Although the war on the Ukrainian front is at a standstill at the moment, in the hinterland the West has won a brilliant victory in the heroic fight against Russian culture.
‘We need the United States and NATO to say to Russia, “Okay, we get it. NATO will not enlarge to Ukraine and to Georgia.” In my view, that is not a defeat of NATO. That is just common sense.’
‘The Hungarian government has fulfilled its commitment: an agreement with Brussels has been reached, thus EU funds will be available to Hungary in 2023, and agriculture can also count on subsidies of an unprecedented scale.’
The concerns about financial security and the moderately enthusiastic assessment of overall life satisfaction by Hungarians in 2022 reflect the difficulties the country’s economy is facing, induced partly by the EU’s sanctions policy.
Budapest’s iconic Hauer cake shop announced this month that due to the negative impact of the economic environment on the catering industry they were forced to close.
Hungarian Foreign Minister Péter Szijjártó reaffirmed Hungary’s position that member states have a sovereign right to determine what energy carriers they acquire and in what quantities, from whom, and based on what price formula, following a summit of EU energy ministers at the end of October.
Sanctions that target a whole country instead of specific individuals always hurt the innocent, ordinary people the most. Be these people European citizens who cannot afford to pay their electricity bills, or Central Asians who now live in extreme poverty, generic sanctions punish those the most who are the least responsible.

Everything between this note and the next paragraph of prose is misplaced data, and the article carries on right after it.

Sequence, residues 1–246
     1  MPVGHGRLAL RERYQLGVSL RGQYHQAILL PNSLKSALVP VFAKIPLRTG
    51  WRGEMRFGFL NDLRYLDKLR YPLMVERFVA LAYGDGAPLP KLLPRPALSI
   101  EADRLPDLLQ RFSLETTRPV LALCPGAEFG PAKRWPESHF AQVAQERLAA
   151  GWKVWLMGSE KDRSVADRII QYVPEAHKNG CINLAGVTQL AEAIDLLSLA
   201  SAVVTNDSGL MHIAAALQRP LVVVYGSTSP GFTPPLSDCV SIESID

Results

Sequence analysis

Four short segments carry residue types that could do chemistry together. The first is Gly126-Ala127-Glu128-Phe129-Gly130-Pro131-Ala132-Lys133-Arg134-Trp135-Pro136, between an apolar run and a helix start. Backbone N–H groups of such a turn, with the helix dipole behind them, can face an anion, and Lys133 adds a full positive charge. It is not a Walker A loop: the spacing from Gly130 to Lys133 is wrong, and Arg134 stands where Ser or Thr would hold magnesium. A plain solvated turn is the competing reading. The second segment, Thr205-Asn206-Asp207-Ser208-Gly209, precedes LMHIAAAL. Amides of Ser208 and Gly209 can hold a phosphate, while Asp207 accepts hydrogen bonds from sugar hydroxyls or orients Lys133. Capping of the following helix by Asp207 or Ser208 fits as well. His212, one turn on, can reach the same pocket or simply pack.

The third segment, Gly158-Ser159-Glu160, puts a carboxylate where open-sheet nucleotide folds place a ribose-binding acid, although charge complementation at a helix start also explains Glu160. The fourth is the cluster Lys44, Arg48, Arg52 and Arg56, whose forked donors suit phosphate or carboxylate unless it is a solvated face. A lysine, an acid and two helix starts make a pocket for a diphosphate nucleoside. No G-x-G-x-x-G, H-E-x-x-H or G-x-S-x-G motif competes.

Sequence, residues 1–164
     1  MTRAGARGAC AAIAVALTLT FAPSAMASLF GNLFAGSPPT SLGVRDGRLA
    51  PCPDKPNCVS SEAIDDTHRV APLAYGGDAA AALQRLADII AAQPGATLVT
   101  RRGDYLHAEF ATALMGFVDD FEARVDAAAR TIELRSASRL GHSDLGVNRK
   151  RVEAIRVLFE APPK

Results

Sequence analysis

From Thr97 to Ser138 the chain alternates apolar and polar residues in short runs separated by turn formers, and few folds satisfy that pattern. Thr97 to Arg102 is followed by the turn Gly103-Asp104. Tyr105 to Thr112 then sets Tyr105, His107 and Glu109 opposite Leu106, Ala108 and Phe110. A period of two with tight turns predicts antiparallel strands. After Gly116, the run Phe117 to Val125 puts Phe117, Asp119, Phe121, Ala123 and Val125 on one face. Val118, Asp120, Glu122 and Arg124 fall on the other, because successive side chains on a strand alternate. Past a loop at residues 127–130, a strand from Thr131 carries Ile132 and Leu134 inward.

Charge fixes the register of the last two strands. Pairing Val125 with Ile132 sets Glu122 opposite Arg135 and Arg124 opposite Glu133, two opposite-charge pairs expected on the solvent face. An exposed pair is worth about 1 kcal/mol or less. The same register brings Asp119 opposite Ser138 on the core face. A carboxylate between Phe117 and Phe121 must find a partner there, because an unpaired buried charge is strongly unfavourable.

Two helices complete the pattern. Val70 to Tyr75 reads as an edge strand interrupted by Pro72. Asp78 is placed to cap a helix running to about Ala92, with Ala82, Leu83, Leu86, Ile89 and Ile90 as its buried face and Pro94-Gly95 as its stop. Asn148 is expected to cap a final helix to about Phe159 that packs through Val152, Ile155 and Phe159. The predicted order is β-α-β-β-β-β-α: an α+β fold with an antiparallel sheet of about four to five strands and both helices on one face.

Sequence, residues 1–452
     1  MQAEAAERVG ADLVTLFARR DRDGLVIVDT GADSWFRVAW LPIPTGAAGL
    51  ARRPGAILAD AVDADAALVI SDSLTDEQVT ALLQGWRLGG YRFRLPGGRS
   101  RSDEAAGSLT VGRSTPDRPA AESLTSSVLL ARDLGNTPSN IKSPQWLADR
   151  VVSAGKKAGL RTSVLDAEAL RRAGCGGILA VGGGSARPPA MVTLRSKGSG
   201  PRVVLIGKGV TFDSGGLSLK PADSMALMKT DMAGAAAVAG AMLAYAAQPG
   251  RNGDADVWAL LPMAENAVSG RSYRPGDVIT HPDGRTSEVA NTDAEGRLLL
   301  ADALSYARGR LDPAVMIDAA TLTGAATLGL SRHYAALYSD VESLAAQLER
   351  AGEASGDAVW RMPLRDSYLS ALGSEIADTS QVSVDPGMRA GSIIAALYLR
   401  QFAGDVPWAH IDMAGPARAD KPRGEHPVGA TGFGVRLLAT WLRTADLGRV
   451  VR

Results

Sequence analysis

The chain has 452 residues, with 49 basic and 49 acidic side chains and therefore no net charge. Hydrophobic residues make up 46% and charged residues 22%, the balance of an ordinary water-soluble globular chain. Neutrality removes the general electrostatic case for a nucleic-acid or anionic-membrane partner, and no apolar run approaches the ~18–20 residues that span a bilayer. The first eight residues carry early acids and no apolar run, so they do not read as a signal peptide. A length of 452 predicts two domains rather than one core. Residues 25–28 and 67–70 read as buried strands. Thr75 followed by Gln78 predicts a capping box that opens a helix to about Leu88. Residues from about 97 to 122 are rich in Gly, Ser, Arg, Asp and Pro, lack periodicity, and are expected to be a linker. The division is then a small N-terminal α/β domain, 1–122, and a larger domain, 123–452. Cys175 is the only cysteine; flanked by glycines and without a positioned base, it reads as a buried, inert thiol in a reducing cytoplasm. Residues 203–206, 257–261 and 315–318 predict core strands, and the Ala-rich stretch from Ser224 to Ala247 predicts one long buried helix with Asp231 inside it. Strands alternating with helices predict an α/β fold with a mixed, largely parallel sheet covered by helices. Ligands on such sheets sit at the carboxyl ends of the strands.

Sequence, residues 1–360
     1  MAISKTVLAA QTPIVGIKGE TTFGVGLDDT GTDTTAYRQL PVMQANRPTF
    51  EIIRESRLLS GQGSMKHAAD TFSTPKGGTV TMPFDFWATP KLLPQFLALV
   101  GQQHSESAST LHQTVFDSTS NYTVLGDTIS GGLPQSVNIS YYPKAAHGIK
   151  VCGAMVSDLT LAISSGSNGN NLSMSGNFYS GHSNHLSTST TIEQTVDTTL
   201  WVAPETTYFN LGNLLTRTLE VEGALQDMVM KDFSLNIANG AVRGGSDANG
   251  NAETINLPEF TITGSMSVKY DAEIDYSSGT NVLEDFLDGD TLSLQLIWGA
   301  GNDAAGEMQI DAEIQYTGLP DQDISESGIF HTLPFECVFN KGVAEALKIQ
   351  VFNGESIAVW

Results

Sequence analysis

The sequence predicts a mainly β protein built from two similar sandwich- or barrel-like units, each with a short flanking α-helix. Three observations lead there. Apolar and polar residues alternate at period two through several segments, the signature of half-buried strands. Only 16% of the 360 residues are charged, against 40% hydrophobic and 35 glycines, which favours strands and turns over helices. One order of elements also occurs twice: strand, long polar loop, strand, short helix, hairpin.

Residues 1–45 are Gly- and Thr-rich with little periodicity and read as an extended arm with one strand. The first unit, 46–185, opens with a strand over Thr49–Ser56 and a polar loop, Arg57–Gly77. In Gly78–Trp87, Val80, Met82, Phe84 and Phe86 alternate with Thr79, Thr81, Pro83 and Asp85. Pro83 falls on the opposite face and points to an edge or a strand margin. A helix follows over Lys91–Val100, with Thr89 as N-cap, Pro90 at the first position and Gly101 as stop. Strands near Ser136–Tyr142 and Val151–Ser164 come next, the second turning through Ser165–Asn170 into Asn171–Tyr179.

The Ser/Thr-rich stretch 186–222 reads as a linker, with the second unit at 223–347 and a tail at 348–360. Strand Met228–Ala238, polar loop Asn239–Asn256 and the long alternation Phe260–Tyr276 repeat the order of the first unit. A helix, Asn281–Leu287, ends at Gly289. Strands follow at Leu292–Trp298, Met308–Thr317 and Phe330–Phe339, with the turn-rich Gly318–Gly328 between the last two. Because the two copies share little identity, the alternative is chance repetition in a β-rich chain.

The general switchover must be a deliberate and incremental process, mindful of the specific situation and the needs of each member state.
Ultimately, the fact that Belgium still allows Russian diamond imports means that they are more invested in supplying those living a life of luxury with rare precious stones than in letting people heat their homes in the winter.
The European Union seems determined to answer Russia’s annexation efforts by implementing more restrictive measures. But more and more EU member states are becoming doubtful about the benefits of the sanctions.
A large Prague demonstration this past Saturday sent a clear message to policymakers that the Czech people are fed up with the mistaken Russian sanctions and their devastating impact on the cost of living. Research indicates that citizens in other capitals across Europe might follow suit soon.
As the cost of living and energy prices skyrocket in Europe, resistance to EU sanctions on Russia is growing. On Saturday, 70 thousand Czechs took to the streets to demand that their government take a neutral stance in the conflict.
The UK economy is under great pressure from the sanctions imposed on Russia. Energy prices have soared, and inflation is sky high. putting a strain on the population’s wellbeing. Meanwhile. the government keeps funding Ukraine.
The economic sanctions against Russia seem to have hurt Europe more than the country stricken by them. Russian economy is not weakening as rapidly as those of some EU countries.
The EU Commission is considering sanctioning Turkey over its unwillingness to cut economic and political ties with Russia. But Ankara has one card up its sleeve that Brussels either forgets or simply ignores: the ability to open the migration floodgates to Europe.
According to the head of a Bavarian clinic, finding a hospital that can treat you quickly won’t be that easy in the future.
While the initial European position on the Russian energy threats seemed like a unanimous ‘No’, now – without no apparent short-term alternatives – more and more countries prepare to pay in roubles which will likely create tensions with those who still refuse.
While on the surface Putin’s responsibility for the crisis is apparent, the reality is that Putin was provoked by the West to invade Ukraine.